(iv) The Complainant learnt of the registration of the Domain Name in June 2001. At that time the Domain Name did not resolve to an active website and was being offered for sale on the website <greatdomains.com>. On June 11, 2001, the Complainant's solicitors wrote to the Respondent objecting to the Respondent's registration of the Domain Name. In its letter of June 11, 2001, Clifford Chance requested the transfer to the Complainant of the Domain Name. On July 2, 2001, the Respondent telephoned Clifford Chance and stated that he would not transfer the Domain Name since the Domain Name had been linked to an active website about the planet Mars. A review of the Domain Name following that conversation revealed that the Domain Name was being used in relation to a web site operated by the Respondent entitled "The Mars Bar" "Welcome to the red planet on-line". The web site contains descriptions of alcoholic cocktails, links to other sites and the ‘Mars Shop’ from which T-shirts and mugs are offered for sale. The website appears to be of a very rudimentary nature. It would further appear that the site was created during the period between the Respondent’s receipt of Clifford Chance’s letter of June 11, 2001, and the Respondent's telephone call to Clifford Chance on July 2, 2001. The Respondent has not provided any evidence of preparations for this website prior to Clifford Chance's letter of June 11, 2001, despite the fact that by that time, the Domain Name had already been registered for almost a year. This is not surprising, however, given that, as indicated above, the Domain Name was being offered for sale by Respondent on <greatdomains.com>.
(v) On July 17, 2001, Clifford Chance wrote to the Respondent, indicating that the Complainant was willing to pay the Respondent his costs of registering Domain Name. The Respondent did not respond to this letter or to a follow-up letter sent to him on August 13, 2001.
(vi) The combination of the words ‘Mars’ and ‘Bar’ is clearly confusingly similar to the trademark ‘MARS’ registered in respect of chocolate and other confectionery.
(vii) The Complainant has not licensed or otherwise permitted the Respondent to use the Trademark nor has it licensed or otherwise permitted the Respondent to apply for or use any domain name incorporating that mark. Further, there is no evidence that the Respondent has been commonly known by the Domain Name: in fact, for all practical purposes, it is inconceivable that the Respondent could have made any significant use of the name without it coming to the Complainant's attention. Given the extent of use and notoriety of the Complainant's MARS mark it is quite simply not credible for the Respondent to have used or to have prepared to use the Domain Name in connection with a bona fide offering of goods or services. It follows that the Respondent has not asserted and cannot assert legitimate non-commercial or fair use of the domain name in issue. Indeed, as indicated above, it is clear that the Respondent registered the domain name with the intention of offering it for sale. Accordingly, the Complainant submits that the Respondent has no rights or legitimate interests in respect of the Domain Name.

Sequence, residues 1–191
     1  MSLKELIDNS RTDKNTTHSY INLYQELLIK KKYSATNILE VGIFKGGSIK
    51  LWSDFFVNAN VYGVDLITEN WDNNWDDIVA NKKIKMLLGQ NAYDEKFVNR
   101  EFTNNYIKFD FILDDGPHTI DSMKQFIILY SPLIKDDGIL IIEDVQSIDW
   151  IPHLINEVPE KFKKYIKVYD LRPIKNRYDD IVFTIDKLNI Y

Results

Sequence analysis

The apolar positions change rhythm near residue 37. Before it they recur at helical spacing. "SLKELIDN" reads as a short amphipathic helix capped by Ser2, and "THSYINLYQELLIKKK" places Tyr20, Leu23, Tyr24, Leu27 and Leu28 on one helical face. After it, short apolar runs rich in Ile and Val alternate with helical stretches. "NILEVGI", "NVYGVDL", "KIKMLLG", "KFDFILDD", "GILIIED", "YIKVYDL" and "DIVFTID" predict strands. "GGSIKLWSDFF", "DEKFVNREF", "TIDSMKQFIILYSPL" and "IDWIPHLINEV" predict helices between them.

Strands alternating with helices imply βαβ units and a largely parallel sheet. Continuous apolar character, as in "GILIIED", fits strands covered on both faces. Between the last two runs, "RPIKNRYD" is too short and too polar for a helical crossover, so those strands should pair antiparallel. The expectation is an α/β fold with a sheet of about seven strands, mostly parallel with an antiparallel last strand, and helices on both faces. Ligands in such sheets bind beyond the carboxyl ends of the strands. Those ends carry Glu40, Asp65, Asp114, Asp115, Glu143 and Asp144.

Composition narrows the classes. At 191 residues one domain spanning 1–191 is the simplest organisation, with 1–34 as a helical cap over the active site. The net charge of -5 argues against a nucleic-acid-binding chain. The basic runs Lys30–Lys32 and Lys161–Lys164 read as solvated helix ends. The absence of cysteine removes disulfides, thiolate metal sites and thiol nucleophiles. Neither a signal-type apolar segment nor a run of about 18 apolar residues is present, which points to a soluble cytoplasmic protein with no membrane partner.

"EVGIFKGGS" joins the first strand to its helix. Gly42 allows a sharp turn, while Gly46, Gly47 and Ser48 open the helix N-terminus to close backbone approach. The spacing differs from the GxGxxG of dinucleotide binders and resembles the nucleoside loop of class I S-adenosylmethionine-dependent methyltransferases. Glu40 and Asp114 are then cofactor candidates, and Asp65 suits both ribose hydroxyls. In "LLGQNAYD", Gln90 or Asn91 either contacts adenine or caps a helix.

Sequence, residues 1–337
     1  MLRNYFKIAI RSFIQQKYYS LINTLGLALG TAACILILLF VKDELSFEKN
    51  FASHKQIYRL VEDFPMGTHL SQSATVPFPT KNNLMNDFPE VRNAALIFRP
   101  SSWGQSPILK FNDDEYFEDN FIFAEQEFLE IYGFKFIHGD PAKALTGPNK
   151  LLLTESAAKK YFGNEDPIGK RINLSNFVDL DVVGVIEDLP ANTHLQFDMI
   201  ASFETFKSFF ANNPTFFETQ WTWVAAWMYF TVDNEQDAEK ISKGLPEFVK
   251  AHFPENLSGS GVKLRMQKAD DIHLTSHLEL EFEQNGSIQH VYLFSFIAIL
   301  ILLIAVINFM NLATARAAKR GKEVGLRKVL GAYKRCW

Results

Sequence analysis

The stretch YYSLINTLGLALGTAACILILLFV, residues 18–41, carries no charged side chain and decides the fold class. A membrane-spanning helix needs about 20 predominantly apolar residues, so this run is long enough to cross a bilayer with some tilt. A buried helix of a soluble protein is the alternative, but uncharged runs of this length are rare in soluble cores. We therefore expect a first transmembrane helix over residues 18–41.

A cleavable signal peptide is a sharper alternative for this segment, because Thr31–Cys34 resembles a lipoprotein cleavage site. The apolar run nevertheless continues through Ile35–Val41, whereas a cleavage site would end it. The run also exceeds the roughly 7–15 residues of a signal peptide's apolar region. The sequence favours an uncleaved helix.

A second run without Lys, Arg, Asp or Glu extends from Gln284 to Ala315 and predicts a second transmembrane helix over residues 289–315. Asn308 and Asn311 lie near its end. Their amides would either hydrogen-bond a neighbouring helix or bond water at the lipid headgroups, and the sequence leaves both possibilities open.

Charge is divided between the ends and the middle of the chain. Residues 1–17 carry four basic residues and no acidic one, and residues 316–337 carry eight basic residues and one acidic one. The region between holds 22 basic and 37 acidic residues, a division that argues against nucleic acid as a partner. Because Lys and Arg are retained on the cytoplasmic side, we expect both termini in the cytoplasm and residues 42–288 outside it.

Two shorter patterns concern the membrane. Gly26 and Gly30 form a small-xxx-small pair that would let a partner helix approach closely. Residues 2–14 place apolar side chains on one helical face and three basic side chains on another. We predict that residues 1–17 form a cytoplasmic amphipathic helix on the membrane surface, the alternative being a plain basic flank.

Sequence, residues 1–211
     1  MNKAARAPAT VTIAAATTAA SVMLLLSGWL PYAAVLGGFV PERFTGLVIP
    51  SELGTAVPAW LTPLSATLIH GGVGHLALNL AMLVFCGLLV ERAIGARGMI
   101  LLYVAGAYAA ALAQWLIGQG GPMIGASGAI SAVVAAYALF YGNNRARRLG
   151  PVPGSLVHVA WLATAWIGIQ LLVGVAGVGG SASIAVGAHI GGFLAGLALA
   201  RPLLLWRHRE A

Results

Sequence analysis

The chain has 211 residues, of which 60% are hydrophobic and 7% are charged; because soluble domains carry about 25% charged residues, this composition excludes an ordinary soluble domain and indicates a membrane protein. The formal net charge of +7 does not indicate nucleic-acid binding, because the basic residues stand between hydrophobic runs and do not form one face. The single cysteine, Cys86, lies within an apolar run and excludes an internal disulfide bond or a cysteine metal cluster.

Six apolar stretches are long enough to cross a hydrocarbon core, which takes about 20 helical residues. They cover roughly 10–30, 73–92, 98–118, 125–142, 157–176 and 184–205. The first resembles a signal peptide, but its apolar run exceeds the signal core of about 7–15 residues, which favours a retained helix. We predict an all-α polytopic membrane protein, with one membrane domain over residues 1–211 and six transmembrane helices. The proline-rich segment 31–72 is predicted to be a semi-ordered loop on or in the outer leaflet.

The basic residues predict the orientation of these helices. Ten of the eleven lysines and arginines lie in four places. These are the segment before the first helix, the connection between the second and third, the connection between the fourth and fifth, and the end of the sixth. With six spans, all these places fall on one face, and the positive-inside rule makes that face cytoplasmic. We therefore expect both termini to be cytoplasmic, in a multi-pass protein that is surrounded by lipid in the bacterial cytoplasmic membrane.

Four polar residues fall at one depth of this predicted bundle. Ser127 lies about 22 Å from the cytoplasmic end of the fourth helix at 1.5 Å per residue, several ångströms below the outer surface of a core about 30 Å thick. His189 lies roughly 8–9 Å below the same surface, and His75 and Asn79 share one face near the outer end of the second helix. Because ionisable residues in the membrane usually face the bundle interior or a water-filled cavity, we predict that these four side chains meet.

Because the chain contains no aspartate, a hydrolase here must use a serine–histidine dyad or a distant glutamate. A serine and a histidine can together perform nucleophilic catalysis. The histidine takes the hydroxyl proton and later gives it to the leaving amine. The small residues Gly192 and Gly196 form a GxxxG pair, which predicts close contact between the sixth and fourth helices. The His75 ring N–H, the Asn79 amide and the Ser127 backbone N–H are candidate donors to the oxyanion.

(viii) Evidence of bad faith registration and use is established by the following circumstances. First, the Trademark is amongst the best known trademarks/brands worldwide. It is inconceivable that the Respondent would not be aware of this fact. Second, by virtue of the widespread use and reputation of the Trademark, members of the public in the UK and elsewhere will inevitably believe that the entity owning the Domain Name is the Complainant or is in some way associated with the Complainant. Third, any realistic use of the Domain Name can only constitute a misrepresentation of an association with the Complainant and its goodwill, and, consequently passing off and trademark infringement. It is just not possible to conceive of a plausible circumstance in which the Respondent could legitimately register or use the Domain Name in good faith.
(ix) Further the Respondent is offering for sale items which amount to an infringement of the Claimant’s registrations of the Trademark which cover, inter alia, T-shirts and mugs.
The material part of the Response is quite short, as follows:
(i) The site "marsbar.net" was designed primarily as an information resource, reflecting the personal interests of the Respondent.
(ii) At the time of registration of the Domain Name, the idea for the web site, ‘Mars Bar: The Red Planet On-line’, had been formulated. However, the Respondent did not, at this time, have the resources to immediately produce a finished site. Thus, during the registration process provided by Register, the option to submit the site to <greatdomains.com>, offered through means of a simple checkbox, seemed, to the Respondent, to be a harmless action. No other effort was made by the Respondent to actively sell or transfer the Domain Name. No individual, nor any commercial body was approached by the Respondent in this regard.